A grove of famed giant sequoia trees in Kings Canyon National Park was threatened on Friday by a quickly spreading wildfire.
The fire ignited evacuations of thousands of residents in the mountain homes of California’s gold-rush county. The fire was an offspring of the larger Sierra Nevada blaze, according to Reuters.
Firefighters on the ground gave it their all on the defense against the flames biting at Grant Gove. The crew stood strong to protect the ancient redwoods including the General Grant tree which is one the largest and tallest of all the giant sequoias.
According to the spokesman for the fire command, Paul Garnier, the fire got as close as a mile to the area.
Even though giant sequoias are naturally flame-resistant, officials still worked hard to keep the blaze away from the grove so to not cause any damage to the premier park attraction.
The Rough Fire called on more than 2,200 firefighters to the fight, topping California’s list of largest active fire. It scorched over 119,00 acres and pushed both residents, park staff and visitors from the area.
With the containment on the fire listed at 29 percent, hundreds of homes were forced to evacuate in the area, while the park still officially remained open. But since Thursday, all roads leading to Kings Canyon have been closed off.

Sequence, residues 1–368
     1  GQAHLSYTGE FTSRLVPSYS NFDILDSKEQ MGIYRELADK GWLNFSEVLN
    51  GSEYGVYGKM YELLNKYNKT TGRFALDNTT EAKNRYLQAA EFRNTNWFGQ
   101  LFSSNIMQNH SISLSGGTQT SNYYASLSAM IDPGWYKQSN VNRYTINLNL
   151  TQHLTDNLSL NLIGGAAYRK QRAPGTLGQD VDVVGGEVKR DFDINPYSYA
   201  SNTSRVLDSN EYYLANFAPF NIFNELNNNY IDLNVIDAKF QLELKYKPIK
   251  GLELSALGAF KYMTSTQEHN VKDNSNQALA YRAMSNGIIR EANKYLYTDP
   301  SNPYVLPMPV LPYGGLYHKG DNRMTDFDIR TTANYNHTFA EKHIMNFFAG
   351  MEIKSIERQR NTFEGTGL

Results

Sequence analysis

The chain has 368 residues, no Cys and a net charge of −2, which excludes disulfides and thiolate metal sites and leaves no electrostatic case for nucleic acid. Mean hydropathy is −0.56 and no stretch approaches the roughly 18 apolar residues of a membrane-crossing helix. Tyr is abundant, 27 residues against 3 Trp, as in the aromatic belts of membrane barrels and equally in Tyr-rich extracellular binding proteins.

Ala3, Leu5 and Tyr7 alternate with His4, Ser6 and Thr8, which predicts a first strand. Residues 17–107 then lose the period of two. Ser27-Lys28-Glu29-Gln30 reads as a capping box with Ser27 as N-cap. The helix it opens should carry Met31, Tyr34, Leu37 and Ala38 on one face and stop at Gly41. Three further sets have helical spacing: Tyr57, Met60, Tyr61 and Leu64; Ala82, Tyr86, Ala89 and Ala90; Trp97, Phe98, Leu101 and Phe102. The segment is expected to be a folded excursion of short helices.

Another, smaller but greater risk, fire put private property 100 miles away in danger. The Butte Fire took six homes and two outbuildings since its ignition on Wednesday near Jackson. On Friday, Governor Jerry Brown officially declared a state of emergency for Amador and Calaveras counties.
On Friday, 6,000 were threatened by the fire that quickly grew in the hot temperatures of over 100 degrees Fahrenheit.
Also facing evacuation was the community of San Andreas of over 2,700 people. But the evacuation was called off when officials noted the flames were headed away from the town.
According to Cal Fire, the blaze took 50,000 acres down.